As you have already noticed, the solution was firmware to fix the bugs that the security cameras have encountered. The firmware patch can be only deployed by the owners. The manufacturer of the security cameras can’t push the deployment of the firmware. As it’s quite uncertain whether all the security cameras and their components will receive the firmware patch update at the same time. Additionally, it takes a bit of time to release all the major security updates for the manufacturer or the service vendor.

On the other hand, deploying a firmware update on IoT devices can be problematic, especially for those which are currently in use. When it comes to LILIN DVR vulnerabilities, there’s one that is associated with the NTPDate computer program of the DRV. This specific program, namely NTPDate, is responsible for syncing the date and time of a computer by an NTP server query.

The vulnerability of the LILIN software was that it didn’t have any filtration procedure to check out ValidateHostName fields. Consequently, the devices failed to see what was coming and fell into the trap.


It was quite easy for those hackers to target all those security cameras with a command injection attack. Well, the security aspects of LILIN were too weak to handle the attack. Similar attacks took place due to the vulnerabilities present in the FTP settings of the software. It can allow remote access to the /dvr/cmd interface. And, this happened due to the hard-coded account passwords. The command-line interpreter can infiltrate the system and make the software act according to the hackers’ preference.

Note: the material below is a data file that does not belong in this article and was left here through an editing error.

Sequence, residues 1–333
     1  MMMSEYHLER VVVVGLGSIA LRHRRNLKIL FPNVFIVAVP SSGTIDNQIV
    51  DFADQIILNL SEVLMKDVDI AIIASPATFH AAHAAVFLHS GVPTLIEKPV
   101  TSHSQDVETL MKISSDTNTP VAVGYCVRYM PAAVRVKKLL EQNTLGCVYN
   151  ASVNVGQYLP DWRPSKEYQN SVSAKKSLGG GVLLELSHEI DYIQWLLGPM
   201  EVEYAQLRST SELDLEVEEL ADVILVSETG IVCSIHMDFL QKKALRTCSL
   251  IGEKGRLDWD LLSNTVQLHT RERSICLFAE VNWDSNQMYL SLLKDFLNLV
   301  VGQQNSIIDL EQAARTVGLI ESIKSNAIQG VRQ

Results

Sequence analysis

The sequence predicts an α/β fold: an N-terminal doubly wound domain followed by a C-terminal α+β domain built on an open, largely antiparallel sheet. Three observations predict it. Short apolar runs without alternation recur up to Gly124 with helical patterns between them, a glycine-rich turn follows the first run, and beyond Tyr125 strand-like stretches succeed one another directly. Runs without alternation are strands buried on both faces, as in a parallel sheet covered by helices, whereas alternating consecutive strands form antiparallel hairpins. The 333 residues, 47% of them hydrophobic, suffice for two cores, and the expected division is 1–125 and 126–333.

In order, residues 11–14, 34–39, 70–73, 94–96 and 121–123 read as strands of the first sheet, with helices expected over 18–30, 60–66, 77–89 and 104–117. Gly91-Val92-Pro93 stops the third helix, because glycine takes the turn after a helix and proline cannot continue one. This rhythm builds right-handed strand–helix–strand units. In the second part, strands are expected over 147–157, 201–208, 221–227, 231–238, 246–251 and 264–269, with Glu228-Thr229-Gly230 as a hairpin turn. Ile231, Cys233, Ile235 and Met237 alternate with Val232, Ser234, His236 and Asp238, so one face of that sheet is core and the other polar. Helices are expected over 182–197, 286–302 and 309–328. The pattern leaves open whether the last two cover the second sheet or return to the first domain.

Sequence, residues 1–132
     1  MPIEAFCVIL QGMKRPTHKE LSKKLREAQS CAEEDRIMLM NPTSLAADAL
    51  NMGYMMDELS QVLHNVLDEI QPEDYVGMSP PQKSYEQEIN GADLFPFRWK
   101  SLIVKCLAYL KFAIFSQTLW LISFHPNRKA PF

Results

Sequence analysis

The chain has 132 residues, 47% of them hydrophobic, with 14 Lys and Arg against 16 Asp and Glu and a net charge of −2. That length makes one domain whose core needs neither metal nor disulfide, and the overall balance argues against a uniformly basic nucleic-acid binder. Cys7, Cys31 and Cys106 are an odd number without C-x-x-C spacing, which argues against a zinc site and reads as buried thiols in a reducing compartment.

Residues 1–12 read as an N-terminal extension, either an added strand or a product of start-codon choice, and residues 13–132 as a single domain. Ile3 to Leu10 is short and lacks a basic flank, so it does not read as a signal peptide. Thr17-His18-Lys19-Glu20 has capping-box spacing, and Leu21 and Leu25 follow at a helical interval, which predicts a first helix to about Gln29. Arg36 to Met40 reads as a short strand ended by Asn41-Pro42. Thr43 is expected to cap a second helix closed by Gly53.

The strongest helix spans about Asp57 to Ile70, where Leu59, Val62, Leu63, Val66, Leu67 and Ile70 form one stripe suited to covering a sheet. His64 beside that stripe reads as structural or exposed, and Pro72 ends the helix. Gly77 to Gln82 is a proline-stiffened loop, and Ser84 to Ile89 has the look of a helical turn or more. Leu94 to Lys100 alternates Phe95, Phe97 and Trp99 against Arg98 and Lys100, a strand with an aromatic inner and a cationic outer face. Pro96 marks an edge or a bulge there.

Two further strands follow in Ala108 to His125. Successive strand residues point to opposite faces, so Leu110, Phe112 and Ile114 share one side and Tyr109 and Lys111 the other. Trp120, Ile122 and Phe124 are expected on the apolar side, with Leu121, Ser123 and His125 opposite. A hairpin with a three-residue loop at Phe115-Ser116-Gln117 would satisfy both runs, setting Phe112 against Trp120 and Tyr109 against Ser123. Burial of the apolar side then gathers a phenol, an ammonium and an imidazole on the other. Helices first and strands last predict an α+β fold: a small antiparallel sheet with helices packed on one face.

In addition to this, the file reading component of the bug can fetch the device configuration and even get access to the password. The injection of these commands can occur by rectifying the server field of the NTP or FTP parameters. These are present in the /zconf/service.xml file. However, the latest security patch named 2.0b60_20200207 fixes the bug issues with the LILIN IP cameras and DVRs.

How to Avoid DDoS Attacks on Security Cameras?

When it comes to security cameras, the main problem with them is that you can’t sneak into them like the way you do it with your computers. However, this doesn’t mean that you can’t secure your CCTV cameras from unexpected DDoS attacks. According to CCTV repair professionals, hackers have been targeting IoT devices, especially CCTV cameras, for their vulnerabilities towards security aspects.

To begin with, always remember to change the default password of your security cameras. Assign a critical password that would be hard to guess for hackers. It will be far better if you can manage to update the password of the security camera.

In addition to this, make sure that your security cameras contain the latest firmware updates. In case you fail to install the modern firmware update, it can become prone to sudden DDoS attacks.


If you rely upon CCTV cameras for your business or residential property, then you should be more selective while deciding on the best security cameras. Go for those camera brands that provide optimum security options. Botnets are growing powerful and a moment of carelessness can drive your efforts to data breaches and other security vulnerabilities. Play safe and be extra alert when it comes to IoT devices.